Bill O'Reilly and NYT's Tom Friedman Debate How to Get Economy Back on Track

Debate over getting economy back on track


This is a RUSH transcript from "The O'Reilly Factor," September 16, 2011. This copy may not be in its final form and may be updated.

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BILL O'REILLY, HOST: Continuing now with our lead story: fear in American over the terrible economy. Joining us from Washington, Tom Friedman, columnist for The New York Times and author of the brand-new book, "That Used to Be Us: How America Fell Behind in the World It Invented and How We Can Come Back."

Mr. Friedman, first of all, are you surprised that the Obama administration's top-down big economic policies have failed?

TOM FRIEDMAN, COLUMNIST, NEW YORK TIMES: Well, you know, Bill, from the very beginning of this administration, and the recession really starting the Bush years, you know, my argument has been we cannot bail our way out of this. We can't stimulate our way out of this. Ultimately the only thing we can do is invent our way out of this. We need start-ups, not bailouts. And, you know, I'm not an expert on stimulus and how much jobs it produced and how many it didn't. Ultimately though my focus has been, Bill, on how we get more people starting companies. That's where jobs come from.

O'REILLY: But that's where the diversion of opinion comes.


O'REILLY: Some people believe the private sector has to be let loose to do that through tax breaks and incentives. And then the liberals say no, the big government has to do that through stimulating directly into the free marketplace.

Now, your paper -- and you don't represent your paper -- but editorially it was big on let's go big government, let's just cut it in as many -- you know, the argument was well, the stimulus didn't work because it isn't big enough. That's Krugman.

FRIEDMAN: You know…

O'REILLY: It wasn't big enough. We should have doubled the debt. And then, Americans are now getting scared because of the $14 trillion debt that you point out in your book rightly is eroding our power everywhere.

FRIEDMAN: You know, Bill, I think what we need to do right now, and this has really been -- it's the argument of the book and the argument of my column. We need to do three things. We need to cut spending. We've made promises we cannot keep. The same time I think we do need to raise revenue because we also need to invest in the traditional pillars of our success. We need to do all three of those things at once. One of the things we found in doing the book, we went around to manufacturers in this country. And it's hard to find one who doesn't tell you I can't find workers to do the kind of high-skilled things we need. And that's why so much of the emphasis on our book is on education.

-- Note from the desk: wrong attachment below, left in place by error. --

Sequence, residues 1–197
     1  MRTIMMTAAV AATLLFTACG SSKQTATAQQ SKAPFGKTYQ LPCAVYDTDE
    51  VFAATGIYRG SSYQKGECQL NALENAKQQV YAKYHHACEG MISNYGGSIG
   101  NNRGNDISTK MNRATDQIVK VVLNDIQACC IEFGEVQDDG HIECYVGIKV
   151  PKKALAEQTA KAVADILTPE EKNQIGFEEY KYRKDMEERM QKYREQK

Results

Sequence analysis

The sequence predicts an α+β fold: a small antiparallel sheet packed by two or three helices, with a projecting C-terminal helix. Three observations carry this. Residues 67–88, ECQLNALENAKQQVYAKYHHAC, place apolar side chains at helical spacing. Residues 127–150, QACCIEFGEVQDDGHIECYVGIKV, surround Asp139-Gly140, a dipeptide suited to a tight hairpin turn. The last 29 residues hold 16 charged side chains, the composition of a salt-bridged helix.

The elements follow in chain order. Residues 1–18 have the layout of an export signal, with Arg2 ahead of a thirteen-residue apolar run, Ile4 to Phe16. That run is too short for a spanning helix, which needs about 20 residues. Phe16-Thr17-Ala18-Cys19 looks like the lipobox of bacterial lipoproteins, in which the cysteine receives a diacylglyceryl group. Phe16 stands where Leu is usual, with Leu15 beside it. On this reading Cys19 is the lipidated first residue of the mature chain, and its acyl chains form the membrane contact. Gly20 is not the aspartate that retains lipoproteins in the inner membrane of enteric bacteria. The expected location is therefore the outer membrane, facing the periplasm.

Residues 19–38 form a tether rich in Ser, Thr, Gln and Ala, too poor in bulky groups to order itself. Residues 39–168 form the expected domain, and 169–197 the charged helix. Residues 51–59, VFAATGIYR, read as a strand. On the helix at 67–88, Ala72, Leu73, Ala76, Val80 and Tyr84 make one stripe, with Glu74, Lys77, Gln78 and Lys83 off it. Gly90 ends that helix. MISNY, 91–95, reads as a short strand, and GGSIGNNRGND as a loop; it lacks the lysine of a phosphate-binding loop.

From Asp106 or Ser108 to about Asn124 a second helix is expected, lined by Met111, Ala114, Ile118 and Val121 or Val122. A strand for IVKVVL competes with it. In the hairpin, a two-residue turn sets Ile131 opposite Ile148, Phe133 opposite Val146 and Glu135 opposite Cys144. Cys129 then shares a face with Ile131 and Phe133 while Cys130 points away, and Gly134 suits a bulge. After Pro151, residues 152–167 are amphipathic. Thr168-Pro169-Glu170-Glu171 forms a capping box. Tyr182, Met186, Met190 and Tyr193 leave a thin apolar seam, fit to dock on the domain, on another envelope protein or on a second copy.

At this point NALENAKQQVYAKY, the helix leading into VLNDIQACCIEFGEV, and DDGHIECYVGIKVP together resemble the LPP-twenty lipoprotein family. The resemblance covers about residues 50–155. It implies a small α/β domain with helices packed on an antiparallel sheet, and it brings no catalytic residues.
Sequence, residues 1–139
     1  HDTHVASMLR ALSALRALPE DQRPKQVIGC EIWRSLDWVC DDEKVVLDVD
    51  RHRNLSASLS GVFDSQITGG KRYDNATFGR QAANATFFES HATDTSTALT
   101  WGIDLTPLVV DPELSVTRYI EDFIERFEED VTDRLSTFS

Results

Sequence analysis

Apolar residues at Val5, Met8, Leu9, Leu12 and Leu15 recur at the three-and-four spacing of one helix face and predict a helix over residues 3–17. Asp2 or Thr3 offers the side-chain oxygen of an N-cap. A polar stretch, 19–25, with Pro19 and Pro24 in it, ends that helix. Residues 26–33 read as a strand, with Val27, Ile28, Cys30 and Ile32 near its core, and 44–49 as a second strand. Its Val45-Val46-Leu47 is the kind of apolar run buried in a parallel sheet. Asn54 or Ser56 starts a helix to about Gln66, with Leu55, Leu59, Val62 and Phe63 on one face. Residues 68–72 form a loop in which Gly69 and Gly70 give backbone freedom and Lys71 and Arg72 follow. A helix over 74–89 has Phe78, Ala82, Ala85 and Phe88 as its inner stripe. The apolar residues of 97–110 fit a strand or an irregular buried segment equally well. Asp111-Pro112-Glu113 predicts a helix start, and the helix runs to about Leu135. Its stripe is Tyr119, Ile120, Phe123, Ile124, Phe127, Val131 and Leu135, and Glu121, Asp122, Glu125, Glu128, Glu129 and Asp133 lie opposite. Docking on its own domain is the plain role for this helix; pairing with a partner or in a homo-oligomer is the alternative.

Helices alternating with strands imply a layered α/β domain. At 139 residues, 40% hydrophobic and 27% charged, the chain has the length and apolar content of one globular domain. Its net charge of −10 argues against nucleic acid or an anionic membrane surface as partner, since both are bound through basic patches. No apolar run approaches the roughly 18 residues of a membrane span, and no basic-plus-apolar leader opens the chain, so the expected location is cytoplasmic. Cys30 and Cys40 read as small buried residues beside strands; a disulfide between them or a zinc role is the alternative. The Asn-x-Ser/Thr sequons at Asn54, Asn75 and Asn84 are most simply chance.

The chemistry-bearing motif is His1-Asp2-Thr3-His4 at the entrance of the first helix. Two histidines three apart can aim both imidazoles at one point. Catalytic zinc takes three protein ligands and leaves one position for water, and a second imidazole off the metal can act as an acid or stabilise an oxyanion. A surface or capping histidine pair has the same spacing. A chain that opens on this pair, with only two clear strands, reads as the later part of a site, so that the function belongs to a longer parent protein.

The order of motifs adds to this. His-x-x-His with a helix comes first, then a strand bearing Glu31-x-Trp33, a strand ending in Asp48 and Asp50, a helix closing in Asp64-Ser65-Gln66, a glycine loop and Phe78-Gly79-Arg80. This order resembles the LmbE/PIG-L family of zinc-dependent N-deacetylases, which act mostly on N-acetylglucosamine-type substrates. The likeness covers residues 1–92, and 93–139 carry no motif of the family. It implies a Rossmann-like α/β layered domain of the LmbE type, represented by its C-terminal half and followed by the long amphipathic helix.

O'REILLY: OK, let's look at that then.

FRIEDMAN: But once -- can I -- one point. See, my view, Bill, we are in a long-term problem. This didn't just start in 2008 and that's really the argument of the book.

O'REILLY: Well, the education system -- and the public school education system in America has been declining for many years.


O'REILLY: Although there is an elite group of schools that turn out very, very bright people.

FRIEDMAN: Absolutely.

O'REILLY: Inner-city schools in particular, and I taught in one so I know what I'm talking about, are in trouble.


O'REILLY: But right now you have $10,300 invested in taxpayer money in every single public school student in this. That's an enormous amount of money, a record breaking amount of money. Bush starred it with a "No Child Left Behind" and Obama has continued it -- $10,300 a year for every single American student. I'll submit to you and you say we need more. I say no, we don't need more. The problem here is bad parenting. That's why these students are falling behind because their parents are lazy, derelict. They put them in front of the computers all day long. They don't encourage reading. They don't discuss things with their children. And for a teacher, it's very hard to overcome that.